By Sherrie Palm 

The minutes prior to addressing the FDA, multiple sensations course through your body. Excitement, anxiety, and energy all play an equal role in any public speaking venue but are particularly pronounced when addressing an organization that oversees multiple arenas of healthcare. As I tried to do something with my hair the morning I was addressing the committee, I repetitively reflected on my reason for speaking at this meeting-each and every one of you. Every day women reach out to me with their extremely personal stories. Every day I reflect on the multiple layers of impact POP has to our lives. Every day I wonder if am doing enough to shift our cause forward.

The pendulum did swing radically in both directions throughout the day. Each side of the debate feels equally passionate about whether or not transvaginal mesh repair should continue to be an option for treatment of pelvic organ prolapse. Those who oppose TV mesh procedures feel it is too risky with little or no benefit over mesh free procedures. Those of us who are proponents of this treatment option feel it decreases the risk for additional surgical procedures down the road.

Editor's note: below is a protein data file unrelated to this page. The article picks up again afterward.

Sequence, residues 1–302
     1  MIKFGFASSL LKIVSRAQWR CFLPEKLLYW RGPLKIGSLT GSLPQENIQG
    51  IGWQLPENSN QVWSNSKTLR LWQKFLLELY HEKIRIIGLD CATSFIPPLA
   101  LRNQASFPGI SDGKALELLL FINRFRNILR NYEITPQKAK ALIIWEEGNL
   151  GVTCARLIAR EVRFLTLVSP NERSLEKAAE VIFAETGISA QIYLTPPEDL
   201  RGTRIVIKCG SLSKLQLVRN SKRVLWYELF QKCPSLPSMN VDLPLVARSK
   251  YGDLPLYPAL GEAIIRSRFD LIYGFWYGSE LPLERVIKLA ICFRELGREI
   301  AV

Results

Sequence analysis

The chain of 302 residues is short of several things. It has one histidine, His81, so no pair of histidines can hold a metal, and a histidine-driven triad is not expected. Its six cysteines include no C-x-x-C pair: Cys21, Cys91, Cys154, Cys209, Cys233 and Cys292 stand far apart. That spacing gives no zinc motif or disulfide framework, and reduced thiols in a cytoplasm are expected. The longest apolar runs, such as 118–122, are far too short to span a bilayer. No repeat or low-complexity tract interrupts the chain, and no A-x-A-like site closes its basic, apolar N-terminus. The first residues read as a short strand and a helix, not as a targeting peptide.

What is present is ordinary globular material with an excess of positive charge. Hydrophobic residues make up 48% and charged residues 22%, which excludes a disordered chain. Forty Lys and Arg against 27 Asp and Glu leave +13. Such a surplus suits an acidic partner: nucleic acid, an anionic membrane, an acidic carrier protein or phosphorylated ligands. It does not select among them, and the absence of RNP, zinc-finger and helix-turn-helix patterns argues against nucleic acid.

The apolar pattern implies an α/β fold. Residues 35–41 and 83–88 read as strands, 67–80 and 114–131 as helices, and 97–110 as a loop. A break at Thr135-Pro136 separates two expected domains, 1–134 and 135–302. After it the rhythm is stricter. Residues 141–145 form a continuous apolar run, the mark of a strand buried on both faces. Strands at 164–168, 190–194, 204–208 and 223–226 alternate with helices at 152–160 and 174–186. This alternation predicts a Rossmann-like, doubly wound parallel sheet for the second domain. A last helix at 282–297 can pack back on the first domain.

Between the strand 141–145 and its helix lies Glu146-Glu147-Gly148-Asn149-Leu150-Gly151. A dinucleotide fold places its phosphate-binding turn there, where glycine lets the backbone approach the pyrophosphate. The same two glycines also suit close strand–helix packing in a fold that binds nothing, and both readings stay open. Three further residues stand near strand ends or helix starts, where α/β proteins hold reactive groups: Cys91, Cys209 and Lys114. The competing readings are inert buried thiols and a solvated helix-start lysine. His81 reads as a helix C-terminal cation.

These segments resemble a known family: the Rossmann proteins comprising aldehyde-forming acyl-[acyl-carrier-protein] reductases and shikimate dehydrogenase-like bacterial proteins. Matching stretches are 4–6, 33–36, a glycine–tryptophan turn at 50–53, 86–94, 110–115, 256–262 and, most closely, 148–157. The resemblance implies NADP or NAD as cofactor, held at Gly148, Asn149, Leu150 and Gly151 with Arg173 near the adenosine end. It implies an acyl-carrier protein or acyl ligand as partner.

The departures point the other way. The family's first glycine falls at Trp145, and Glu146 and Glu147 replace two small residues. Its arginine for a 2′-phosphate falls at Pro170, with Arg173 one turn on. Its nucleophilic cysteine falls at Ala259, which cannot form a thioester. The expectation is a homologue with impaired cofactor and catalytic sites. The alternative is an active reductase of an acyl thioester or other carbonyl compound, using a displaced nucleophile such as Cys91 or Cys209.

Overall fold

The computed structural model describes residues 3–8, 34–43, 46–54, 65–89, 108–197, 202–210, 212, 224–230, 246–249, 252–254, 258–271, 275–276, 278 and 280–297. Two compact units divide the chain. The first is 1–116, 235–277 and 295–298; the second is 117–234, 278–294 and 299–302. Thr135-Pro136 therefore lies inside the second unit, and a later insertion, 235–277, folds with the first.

Emotions ran particularly high throughout the meeting; at times the energy was palpable. Every speaker in attendance came to make a very specific stand for his or her cause or beliefs. To say it was a packed house is an understatement. In attendance were urogynecologists, urologists, medical device manufacturing representatives, heads of multiple organizations tied to pelvic floor health, patient advocates, women’s health advocates, and individuals who’ve suffered mesh complications. Multiple voices were on hand to share insights, statistics, and experiences.

At the end of the day, the most significant impact I feel will come out of this pivotal meeting of the minds is forward momentum in recognition of the significance of pelvic organ prolapse to women‘s lives. A spotlight has finally been aimed toward the best kept secret in women’s health. Yes women are unquestionably more anxious about POP surgical procedures, but that may translate to more women asking their physicians the appropriate questions. A shift has finally begun. The world is finally listening. As we continue to bang the drum, improved treatments and significant modifications in protocol will help us find additional avenues to assist women grappling with the multiple layers of impact POP has to our lives. 


November 2011